Jewish World Review May 25, 1999 /10 Sivan 5759
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Take the cold war. Where are they, the pacifists who used to jeer at the struggle against totalitarianism? Now that we need them, where are Gar Alperovitz and Robert Jay Lifton? Lifton is the Yale shrink who enlivened the cold war era with naïve theorizing about fear of the atom bomb among us children. To him, the ever-present threat of nuclear annihilation had permanently distorted our psyches, causing any number of neuroses and eating disorders. (Hilariously he believed that children through human history until 1945 lived secure and happy lives, and that if leaders on both sides could only understand how the bomb messed up our heads, they would instantaneously disarm.) Since the cold war ended without discernible change in human nature, Lifton has been silent on this question.
Alperovitz wrote the most elaborate of the ridiculous anti-Hiroshima books of 4 years ago, retroactively proposing to the late Harry Truman a convoluted process of reasoning which he ought to have followed in 1945. With Gar at his ear, Truman would have realized that his fears about the costs of invading Japan were overblown and would happily have forsworn dropping the a-bomb, to become a moral hero.
NATO has achieved none of its war aims, but over these kinds of crankery I scent victory. Could an alternative to the use of a magical weapon like the a-bomb have occurred to Truman in 1945? After watching how the fate of three captured GIs instantly outweighed the moral imperative of our crusade against the genocide Milosevic, no one could think so. After seeing how everyone prefers to kill many hundreds of Serbian civilians rather than risk a single military casualty, no one could ever think so again.
Common sense always suggested that there was no political way to avoid any action, however brutal, that might possibly end World War II a day sooner or a soldier's life earlier. Later, during the cold war, there was no way that the leaders on either side would have embraced a hot war killing millions in order to avoid nuclear tension. Intellectuals evidently regard armies as expendable in a way that other do not. Unfortunately for Secretary Albright and Tony Blair, our citizens are curiously reluctant to risk the lives of American soldiers in moral experimentation.
But more absurd and ugly are the Holocaust-jockeys, who are trying to justify NATO's bombing-only policy by appealing to Hitler's war against the Jews.
This process involves several steps. First of all, the second World War has to be transformed into a crusade to prevent the Jews from being liquidated- in which the enemy was genocide itself not Germany and Japan. Yeah, that's how it was, says Daniel Jonah Goldhagen (the Harvard scholar who wrote Hitler's Willing Executioners) in a breathtakingly illiterate New Republic piece. The allies fought to establish the "principle that a people that participates in or endorses systematic mass murder by its government…can be occupied and have its country reshaped according to democratic principles."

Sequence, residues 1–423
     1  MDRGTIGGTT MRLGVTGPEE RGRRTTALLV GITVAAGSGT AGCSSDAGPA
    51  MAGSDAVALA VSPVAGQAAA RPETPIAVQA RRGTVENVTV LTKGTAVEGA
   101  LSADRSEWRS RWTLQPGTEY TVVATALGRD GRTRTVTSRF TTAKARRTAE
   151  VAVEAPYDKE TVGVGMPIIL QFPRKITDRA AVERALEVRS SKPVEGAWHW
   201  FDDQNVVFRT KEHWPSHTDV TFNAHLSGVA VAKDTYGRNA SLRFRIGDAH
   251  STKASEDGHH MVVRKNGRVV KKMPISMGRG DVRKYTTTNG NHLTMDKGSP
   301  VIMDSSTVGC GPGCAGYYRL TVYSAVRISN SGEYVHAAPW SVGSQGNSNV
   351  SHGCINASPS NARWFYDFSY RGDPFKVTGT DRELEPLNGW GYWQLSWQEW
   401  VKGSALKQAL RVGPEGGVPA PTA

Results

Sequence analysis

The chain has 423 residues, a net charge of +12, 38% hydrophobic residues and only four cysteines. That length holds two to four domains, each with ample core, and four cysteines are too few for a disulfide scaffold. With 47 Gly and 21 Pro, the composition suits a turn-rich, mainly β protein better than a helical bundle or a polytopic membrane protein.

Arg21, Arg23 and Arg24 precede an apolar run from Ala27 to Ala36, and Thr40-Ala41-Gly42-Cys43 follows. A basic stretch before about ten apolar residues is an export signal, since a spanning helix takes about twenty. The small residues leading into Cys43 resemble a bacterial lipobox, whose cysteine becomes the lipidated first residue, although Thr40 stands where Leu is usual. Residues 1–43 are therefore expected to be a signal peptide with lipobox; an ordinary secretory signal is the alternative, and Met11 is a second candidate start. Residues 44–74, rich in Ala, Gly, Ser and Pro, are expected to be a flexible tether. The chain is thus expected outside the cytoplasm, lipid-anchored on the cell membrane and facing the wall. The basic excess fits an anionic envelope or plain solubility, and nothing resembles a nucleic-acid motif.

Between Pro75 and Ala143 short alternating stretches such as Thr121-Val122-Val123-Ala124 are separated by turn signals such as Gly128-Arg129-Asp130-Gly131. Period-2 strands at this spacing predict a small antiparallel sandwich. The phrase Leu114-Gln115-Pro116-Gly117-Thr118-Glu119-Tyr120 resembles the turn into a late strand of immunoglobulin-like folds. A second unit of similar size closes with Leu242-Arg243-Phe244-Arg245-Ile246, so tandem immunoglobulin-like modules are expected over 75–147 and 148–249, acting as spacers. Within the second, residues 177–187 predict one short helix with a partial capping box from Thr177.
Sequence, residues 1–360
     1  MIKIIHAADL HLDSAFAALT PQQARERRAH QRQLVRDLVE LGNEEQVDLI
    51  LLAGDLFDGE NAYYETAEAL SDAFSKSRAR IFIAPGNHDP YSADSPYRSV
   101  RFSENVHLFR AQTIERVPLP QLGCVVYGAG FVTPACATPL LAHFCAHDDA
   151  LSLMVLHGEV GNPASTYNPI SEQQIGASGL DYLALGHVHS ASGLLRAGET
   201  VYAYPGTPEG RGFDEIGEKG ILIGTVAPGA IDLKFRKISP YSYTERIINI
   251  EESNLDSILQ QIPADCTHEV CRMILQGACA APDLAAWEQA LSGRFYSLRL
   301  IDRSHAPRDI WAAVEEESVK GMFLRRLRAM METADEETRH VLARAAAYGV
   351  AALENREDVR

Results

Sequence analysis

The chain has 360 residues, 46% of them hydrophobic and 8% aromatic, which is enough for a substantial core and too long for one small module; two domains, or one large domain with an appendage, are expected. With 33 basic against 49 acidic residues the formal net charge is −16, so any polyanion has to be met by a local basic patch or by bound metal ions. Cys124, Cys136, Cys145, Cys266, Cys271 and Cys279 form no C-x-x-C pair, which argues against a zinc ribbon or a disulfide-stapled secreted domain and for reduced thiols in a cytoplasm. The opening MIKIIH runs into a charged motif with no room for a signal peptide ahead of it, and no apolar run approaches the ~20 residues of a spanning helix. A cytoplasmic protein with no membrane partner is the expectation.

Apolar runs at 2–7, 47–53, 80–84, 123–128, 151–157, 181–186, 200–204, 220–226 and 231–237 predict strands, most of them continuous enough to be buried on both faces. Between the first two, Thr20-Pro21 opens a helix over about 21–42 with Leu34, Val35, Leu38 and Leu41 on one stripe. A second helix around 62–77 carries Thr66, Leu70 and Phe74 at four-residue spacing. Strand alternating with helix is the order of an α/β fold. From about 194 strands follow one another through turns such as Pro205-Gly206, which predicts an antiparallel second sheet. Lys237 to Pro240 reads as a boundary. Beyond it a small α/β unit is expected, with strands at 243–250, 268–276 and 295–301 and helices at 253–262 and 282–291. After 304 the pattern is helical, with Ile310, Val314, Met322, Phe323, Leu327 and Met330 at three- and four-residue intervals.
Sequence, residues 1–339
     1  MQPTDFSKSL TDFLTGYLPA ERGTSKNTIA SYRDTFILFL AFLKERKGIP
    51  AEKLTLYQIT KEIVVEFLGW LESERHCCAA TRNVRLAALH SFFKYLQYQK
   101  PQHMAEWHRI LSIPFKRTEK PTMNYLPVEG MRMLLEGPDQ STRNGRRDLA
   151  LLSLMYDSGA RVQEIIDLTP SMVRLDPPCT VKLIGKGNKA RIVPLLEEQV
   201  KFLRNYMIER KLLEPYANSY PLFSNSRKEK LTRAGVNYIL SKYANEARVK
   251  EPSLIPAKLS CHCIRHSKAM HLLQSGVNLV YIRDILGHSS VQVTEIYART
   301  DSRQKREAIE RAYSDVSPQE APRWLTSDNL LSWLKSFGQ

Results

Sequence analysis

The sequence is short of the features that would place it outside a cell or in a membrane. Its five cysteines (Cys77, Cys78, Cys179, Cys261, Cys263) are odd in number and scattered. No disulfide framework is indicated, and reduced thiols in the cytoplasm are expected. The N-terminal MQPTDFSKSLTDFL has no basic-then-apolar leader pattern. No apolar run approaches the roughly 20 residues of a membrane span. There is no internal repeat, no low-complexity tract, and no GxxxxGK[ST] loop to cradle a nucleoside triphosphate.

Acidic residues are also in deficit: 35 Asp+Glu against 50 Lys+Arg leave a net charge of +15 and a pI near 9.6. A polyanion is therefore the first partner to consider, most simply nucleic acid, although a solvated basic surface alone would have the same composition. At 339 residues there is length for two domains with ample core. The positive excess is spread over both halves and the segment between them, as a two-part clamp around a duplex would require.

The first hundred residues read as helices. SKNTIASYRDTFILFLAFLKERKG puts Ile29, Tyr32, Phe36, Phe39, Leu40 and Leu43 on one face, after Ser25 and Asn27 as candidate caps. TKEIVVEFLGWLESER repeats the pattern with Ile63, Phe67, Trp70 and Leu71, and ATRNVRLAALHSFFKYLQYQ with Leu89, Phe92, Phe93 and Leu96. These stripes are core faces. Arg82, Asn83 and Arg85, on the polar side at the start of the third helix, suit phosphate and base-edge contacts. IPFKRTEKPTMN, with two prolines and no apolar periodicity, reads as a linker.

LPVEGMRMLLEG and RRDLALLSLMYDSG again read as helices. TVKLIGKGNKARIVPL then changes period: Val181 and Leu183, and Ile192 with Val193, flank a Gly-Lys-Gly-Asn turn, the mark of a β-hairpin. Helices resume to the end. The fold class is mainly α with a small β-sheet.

The ugliness of the sentence mirrors the idiocy of the thought. Of course the truth is nearly opposite. The leaders of the war parties in the US and England struggled to dissociate their war aims from the plight of the Jews in Germany. The reason was not anti-Semitism, but fear of being seen to be philosemitic. The English-speaking publics would not stand for a war whose main purpose might have been to benefit the Jews-Roosevelt and Churchill knew this, as did most Jewish leaders at the time. But never mind that-the war was won, and in a process that didn't begin until the 1950s, anti-Holocaustology has been installed as the war's official purpose. This is regarded as flattering to the victors, I suppose, but mystifyingly many Jewish writers have collaborated in shaping this ridiculous myth.
Thanks to this myth, but also to the efforts of anti-cold warriors like Lifton and Alperovitz, we now live in a world in which no foreign power can be opposed unless it can be likened to Nazis killing Jews. Goldhagen, who has made a career out of erasing the distinction between ordinary citizens and Nazi monsters, does his bit, declaring that Milosevic differs from Hitler only in degree. But he's not the worst. Look! Trains-full of refugees in Macedonia. As John Podhoretz points out in the New York Post, the First Lady thinks immediately of a couple of Oscar-winning movies she saw about the Holocaust (both diversely featuring non-Jews as heroes, Jews only as victims) in which trains play a big role.
Why should we bother getting history right? That we fought Hitler to
liberate the extermination camps - well, isn't it pretty to think so. That
we fight Milosevic (daintily, by bombing civilian targets) because he is a
genocide inspired by Hitlerian racist theories-this is a lie which does not
flatter us for having to tell it, and which convinces no one, least of all
those who tell
JWR contributor Sam Schulman is deputy editor of Taki's Top Drawer, appearing in New York Press, and was formerly publisher of Wigwag and a professor of English at Boston University. You may contact him by clicking here.